I’m going to write a whole other blog about how David Tennant made my day; just to give you something to look forward to!

I have a feeling that 2011 is going to be very different, which we probably all need.  Maybe less intense?  It’s started with me having another declutter, I reckon it might be time for a light detox as well.

Pregnancy Second Time Around

Apologies for people who have read this post before.  I originally had it as a Page on my blog, but I have a big redesign of my blog coming up in the next month, and so I’m cutting down on the pages.  I wrote this over a year ago when I was pregnant with Little Dimples.

So I’m quite enjoying pregnancy 2nd time around, because it is reminding me of how things were with Curly Headed Boy, that I probably didn’t notice as I was so shocked to be pregnant.  It’s surprisingly different, with a few similarities, and so (just for me, to be honest!) I thought I’d keep a record of how it goes!

So far, the main difference is finding out about 3 weeks earlier than before.  Although, it was still a surprise as I was thinking that as I was miraculously lucky to fall pregnant last time, that I might be unlikely to manage it a 2nd time 4yrs later, and with the big FOUR ZERO approaching!  But I did think that I might try in the Autumn, once my business was more settled and I had had a BIG party and holiday.  Heh ho, this baby obviously also doesn’t think to inform me of it’s plans, like it’s big brother ;o)

This time the symptoms hit like a freight train, like all the energy in my body had been removed forever, and the all day nausea returned as a very unwelcome memory, with an added bonus of a constant upset tummy this time round.  Thankfully curly headed boy is very excited and pretty understanding, as he has been broody for a year (he’s 3.5) and told me 6 months ago to take the eggs out of the fridge, Daddy would cook them and then pop them in my tummy!

BabyNo2 prefers healthy food – how weird!  No chocolate thank you, but still partial to salt & vinegar crisps and tonic water.  Plus they must be small portions, which means I’m currently losing weight whilst pregnant, which is a novelty.  Also, whilst curly headed boy was like a lovely hot water bottle in my tummy, keeping my normally cold body warm day and night, BabyNo2 is cccccooooollllld, which means I’m freeeeeeezing!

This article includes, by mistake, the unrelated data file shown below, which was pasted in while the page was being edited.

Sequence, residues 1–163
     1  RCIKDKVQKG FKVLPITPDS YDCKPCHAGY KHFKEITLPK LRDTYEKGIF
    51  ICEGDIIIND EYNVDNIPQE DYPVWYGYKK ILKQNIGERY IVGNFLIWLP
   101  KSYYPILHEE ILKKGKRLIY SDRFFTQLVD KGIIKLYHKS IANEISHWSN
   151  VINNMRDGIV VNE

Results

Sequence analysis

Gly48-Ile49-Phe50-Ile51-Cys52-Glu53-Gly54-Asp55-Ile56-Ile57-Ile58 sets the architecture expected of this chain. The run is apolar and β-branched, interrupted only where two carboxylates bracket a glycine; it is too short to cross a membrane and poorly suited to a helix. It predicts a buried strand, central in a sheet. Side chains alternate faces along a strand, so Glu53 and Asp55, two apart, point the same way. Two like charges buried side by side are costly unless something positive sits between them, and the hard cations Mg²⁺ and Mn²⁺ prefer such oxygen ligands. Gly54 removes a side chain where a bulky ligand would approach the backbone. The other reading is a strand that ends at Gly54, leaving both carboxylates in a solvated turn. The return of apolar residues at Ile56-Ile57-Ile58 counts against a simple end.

The ‘baby brain’ appeared instantly, meaning that anything that was perfectly normal for me to remember before, like my keys, turning on the oven, or my diary, is now totally impossible for me.  Obviously my brain is focussed on growing toes and fingers and can’t manage more than that at the moment.

Hubby is walking round looking very mature and obviously feeling like a ‘real man’ as he has now created two offspring; a much greater feat than just one.  In fact his Dad announced that we would now have a ‘real family’, because obviously one child doesn’t count.

I know how the universe likes to maintain balance within a family, so I’ve spent long hours looking at the family thinking, OK, so if we are like this, what are we about to create?  If curly headed boy is read headed and fair skinned, with the performer gene ingrained into him from top to toe, are we going to get a serious little dark headed girl, who is serious and studious?  Last time I had all sorts of tragedy and stress during the pregnancy, which I can totally see created curly head.  So what will a relatively ‘normal’ (so far, touch wood) pregnancy create?  Will it mean that they are more independent from the start, not needing to be held permanently for 3 months?  Or will they miss that spark that he has?

Who knows – got over 6 months to go, so I’m sure there will be even more surprises along the route, which I’ll pop in here as I go.

Handing Your Child Over To Strangers

It’s against everything we’ve ever been told not to do, and everything that a Mother feels is right.  But there we all are, handing our children over to someone we’ve hardly met.

The only reason I have met Curly Headed Boy’s new primary school teacher is because her son was at his nursery in a younger class, but it’s only been a fleeting ‘hello’.  We have no idea what they do all day, apart from the fact that we have provided them with a packed lunch and snack (no hot dinners available, because the council won’t let them build a dining room, arrrgh!).  So far, there is no class list and no time table.  There was a letter inviting us to a 30min meeting next week, where I assume that some of this will be dealt with, and an evening get-together the week after (very difficult to go to when you have a young baby).  So we are meant to be patient parents and wait.  I suspect that if we ask beforehand, we will be considered ‘one of those parents’, and labelled as difficult.